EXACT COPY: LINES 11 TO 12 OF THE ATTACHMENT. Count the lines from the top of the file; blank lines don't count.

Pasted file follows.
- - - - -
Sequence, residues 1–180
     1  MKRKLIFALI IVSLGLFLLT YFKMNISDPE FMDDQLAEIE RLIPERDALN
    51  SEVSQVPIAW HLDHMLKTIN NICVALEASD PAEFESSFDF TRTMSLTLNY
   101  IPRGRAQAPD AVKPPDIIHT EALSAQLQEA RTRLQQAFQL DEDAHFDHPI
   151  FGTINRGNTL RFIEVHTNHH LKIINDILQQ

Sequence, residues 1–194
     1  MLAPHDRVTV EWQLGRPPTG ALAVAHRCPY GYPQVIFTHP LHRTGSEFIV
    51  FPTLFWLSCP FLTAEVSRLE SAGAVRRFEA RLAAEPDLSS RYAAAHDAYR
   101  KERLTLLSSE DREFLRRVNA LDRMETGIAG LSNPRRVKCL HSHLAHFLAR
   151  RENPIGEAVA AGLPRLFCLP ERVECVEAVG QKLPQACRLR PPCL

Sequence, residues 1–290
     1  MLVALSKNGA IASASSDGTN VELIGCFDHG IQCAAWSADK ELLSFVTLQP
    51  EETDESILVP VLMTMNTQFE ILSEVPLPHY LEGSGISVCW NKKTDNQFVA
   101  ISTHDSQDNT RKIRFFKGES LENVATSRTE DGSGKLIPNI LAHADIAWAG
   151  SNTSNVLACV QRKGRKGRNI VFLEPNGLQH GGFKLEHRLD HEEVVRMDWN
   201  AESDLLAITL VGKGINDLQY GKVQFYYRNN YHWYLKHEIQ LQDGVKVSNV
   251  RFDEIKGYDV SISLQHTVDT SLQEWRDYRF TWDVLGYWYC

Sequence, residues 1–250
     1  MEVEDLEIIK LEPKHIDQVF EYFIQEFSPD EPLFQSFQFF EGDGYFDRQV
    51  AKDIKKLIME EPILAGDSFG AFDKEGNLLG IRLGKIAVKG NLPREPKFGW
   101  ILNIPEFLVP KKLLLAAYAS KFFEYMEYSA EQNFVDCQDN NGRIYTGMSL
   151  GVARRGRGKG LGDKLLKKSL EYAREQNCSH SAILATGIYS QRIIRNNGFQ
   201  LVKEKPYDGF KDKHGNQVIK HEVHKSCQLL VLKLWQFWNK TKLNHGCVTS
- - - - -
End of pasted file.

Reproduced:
Sequence, residues 1–290
     1  MLVALSKNGA IASASSDGTN VELIGCFDHG IQCAAWSADK ELLSFVTLQP